The term “pharmaceutical composition” is intended to encompass a drug product including the active ingredient(s), pharmaceutically acceptable excipients that make up the carrier, as well as any product which results, directly or indirectly, from combination, complexation or aggregation of any two or more of the ingredients. Accordingly, the pharmaceutical compositions encompass any composition made by admixing the active ingredient, active ingredient dispersion or composite, additional active ingredient(s), and pharmaceutically acceptable excipients.

The term “therapeutically effective amount” as used herein means the amount of a compound that, when administered to a mammal for treating a state, disorder or condition, is sufficient to effect such treatment. The “therapeutically effective amount” will vary depending on the compound, the disease and its severity and the age, weight, physical condition and responsiveness of the mammal to be treated.

The term “delivering” as used herein means providing a therapeutically effective amount of an active ingredient to a particular location within a host causing a therapeutically effective blood concentration of the active ingredient at the particular location. This can be accomplished, e.g., by topical, local or by systemic administration of the active ingredient to the host.

The term “buffering agent” as used herein is intended to mean a compound used to resist a change in pH upon dilution or addition of acid of alkali. Such compounds include, by way of example and without limitation, potassium metaphosphate, potassium phosphate, monobasic sodium acetate and sodium citrate anhydrous and dehydrate and other such material known to those of ordinary skill in the art.

The term “sweetening agent” as used herein is intended to mean a compound used to impart sweetness to a formulation. Such compounds include, by way of example and without limitation, aspartame, dextrose, glycerin, mannitol, saccharin sodium, sorbitol, sucrose, fructose and other such materials known to those of ordinary skill in the art.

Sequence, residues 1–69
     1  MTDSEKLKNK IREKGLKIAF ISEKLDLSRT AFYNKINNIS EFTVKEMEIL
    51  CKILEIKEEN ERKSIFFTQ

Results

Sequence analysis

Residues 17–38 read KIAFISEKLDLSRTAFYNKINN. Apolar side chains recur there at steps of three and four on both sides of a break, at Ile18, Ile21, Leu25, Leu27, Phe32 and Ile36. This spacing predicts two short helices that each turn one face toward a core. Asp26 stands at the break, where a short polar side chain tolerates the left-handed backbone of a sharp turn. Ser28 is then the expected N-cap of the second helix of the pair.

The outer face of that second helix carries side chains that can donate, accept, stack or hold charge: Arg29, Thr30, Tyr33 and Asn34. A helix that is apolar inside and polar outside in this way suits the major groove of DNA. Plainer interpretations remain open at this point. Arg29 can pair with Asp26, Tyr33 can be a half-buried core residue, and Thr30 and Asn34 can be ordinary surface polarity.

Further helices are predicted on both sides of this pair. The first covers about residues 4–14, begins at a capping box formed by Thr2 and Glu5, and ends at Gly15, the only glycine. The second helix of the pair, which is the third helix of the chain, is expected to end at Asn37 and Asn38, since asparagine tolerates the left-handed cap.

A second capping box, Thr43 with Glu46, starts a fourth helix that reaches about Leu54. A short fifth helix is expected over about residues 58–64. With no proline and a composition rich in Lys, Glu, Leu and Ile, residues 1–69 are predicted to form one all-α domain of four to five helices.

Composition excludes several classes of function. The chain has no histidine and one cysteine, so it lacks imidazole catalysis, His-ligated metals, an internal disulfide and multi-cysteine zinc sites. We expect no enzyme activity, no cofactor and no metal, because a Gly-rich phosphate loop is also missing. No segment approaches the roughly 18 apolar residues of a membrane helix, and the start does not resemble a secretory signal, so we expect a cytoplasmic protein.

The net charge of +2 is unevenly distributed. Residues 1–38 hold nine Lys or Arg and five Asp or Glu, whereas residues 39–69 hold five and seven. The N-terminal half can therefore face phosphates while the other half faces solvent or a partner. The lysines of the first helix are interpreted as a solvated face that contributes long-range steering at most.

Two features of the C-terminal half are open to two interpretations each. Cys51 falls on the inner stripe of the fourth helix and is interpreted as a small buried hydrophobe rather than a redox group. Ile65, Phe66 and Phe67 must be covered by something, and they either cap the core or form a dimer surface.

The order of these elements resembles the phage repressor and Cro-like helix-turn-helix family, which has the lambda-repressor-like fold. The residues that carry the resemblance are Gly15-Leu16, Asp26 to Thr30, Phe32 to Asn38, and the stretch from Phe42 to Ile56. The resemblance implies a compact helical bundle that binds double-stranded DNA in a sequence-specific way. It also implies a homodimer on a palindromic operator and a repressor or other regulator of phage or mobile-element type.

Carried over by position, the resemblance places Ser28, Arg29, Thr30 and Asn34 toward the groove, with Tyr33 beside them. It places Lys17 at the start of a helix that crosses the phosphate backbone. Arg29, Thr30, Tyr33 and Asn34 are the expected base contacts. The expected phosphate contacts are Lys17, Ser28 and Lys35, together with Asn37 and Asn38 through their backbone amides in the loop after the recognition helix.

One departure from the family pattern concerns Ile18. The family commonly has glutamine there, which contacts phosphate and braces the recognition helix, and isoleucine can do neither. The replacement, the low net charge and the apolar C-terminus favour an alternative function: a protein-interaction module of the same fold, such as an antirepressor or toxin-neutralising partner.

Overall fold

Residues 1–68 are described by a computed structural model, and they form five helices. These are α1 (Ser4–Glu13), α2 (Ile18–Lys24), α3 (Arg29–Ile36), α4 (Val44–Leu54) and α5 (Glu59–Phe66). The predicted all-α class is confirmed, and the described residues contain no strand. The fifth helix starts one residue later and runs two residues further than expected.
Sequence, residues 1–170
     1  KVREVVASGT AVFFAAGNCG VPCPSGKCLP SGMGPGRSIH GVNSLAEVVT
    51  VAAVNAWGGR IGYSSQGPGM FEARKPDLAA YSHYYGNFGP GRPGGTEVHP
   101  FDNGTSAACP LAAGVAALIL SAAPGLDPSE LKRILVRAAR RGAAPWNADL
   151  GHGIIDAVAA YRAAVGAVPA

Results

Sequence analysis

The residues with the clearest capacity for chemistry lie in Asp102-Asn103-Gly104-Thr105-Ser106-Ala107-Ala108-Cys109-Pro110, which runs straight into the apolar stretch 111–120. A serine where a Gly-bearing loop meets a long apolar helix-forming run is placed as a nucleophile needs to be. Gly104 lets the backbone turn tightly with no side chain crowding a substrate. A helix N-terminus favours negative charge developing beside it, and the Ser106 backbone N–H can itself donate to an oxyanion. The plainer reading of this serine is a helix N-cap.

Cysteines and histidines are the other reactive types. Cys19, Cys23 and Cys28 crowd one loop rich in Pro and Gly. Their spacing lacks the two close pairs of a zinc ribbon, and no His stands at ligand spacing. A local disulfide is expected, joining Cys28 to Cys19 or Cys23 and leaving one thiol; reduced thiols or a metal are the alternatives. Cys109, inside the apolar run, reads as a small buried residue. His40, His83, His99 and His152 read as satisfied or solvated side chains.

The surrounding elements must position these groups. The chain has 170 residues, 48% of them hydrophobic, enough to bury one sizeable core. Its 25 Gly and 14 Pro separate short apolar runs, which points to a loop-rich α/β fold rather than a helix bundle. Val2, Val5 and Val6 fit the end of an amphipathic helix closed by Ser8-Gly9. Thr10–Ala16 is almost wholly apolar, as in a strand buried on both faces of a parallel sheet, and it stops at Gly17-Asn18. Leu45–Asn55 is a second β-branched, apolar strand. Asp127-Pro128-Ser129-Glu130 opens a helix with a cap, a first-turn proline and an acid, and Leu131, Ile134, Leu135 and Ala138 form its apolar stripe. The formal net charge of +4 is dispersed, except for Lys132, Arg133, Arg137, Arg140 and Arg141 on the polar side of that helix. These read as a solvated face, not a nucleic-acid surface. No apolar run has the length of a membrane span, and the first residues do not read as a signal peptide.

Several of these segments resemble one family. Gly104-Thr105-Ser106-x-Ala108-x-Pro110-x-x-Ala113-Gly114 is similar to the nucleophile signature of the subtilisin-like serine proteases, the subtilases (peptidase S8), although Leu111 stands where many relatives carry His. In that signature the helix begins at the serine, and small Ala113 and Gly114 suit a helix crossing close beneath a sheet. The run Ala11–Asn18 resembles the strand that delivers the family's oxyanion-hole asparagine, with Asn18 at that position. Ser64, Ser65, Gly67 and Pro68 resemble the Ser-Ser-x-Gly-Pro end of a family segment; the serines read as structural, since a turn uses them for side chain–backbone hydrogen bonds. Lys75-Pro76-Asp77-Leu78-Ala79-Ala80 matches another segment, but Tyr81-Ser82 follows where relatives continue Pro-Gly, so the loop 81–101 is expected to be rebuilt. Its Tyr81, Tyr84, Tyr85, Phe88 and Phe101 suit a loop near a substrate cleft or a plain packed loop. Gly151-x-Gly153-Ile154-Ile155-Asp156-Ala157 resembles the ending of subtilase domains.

The term “binders” as used herein is intended to mean substances used to cause adhesion of powder particles in granulations. Such compounds include, by way of example and without limitation, acacia alginic acid, tragacanth, carboxymethylcellulose sodium, polyvinylpyrrolidone, compressible sugar (e.g., NuTab), ethylcellulose, gelatin, liquid glucose, methylcellulose, povidone and pregelatinized starch, combinations thereof and other material known to those of ordinary skill in the art.

Exemplary binders include starch, polyethylene glycol, guar gum, polysaccharide, bentonites, sugars, invert sugars, poloxamers (PLURONIC™ F68, PLURONIC™ F127), collagen, albumin, celluloses in non-aqueous solvents, combinations thereof and the like. Other binders include, for example, polypropylene glycol, polyoxyethylene-polypropylene copolymer, polyethylene ester, polyethylene sorbitan ester, polyethylene oxide, microcrystalline cellulose, polyvinylpyrrolidone, combinations thereof and other such materials known to those of ordinary skill in the art.

The term “diluent” or “filler” as used herein is intended to mean inert substances used as fillers to create the desired bulk, flow properties, and compression characteristics in the preparation of solid dosage formulations. Such compounds include, by way of example and without limitation, dibasic calcium phosphate, kaolin, sucrose, mannitol, microcrystalline cellulose, powdered cellulose, precipitated calcium carbonate, sorbitol, starch, combinations thereof and other such materials known to those of ordinary skill in the art.

The term “glidant” as used herein is intended to mean agents used in solid dosage formulations to improve flow-properties during tablet compression and to produce an anti-caking effect. Such compounds include, by way of example and without limitation, colloidal silica, calcium silicate, magnesium silicate, silicon hydrogel, cornstarch, talc, combinations thereof and other such materials known to those of ordinary skill in the art.

The term “lubricant” as used herein is intended to mean substances used in solid dosage formulations to reduce friction during compression of the solid dosage. Such compounds include, by way of example and without limitation, calcium stearate, magnesium stearate, mineral oil, stearic acid, zinc stearate, combinations thereof and other such materials known to those of ordinary skill in the art.

The term “disintegrant” as used herein is intended to mean a compound used in solid dosage formulations to promote the disruption of the solid mass into smaller particles, which are more readily dispersed or dissolved. Exemplary disintegrants include, by way of example and without limitation, starches such as corn starch, potato starch, pregelatinized, sweeteners, clays, such as bentonite, microcrystalline cellulose (e.g. Avicel™), carsium (e.g. Amberlite™), alginates, sodium starch glycolate, gums such as agar, guar, locust bean, karaya, pectin, tragacanth, combinations thereof and other such materials known to those of ordinary skill in the art.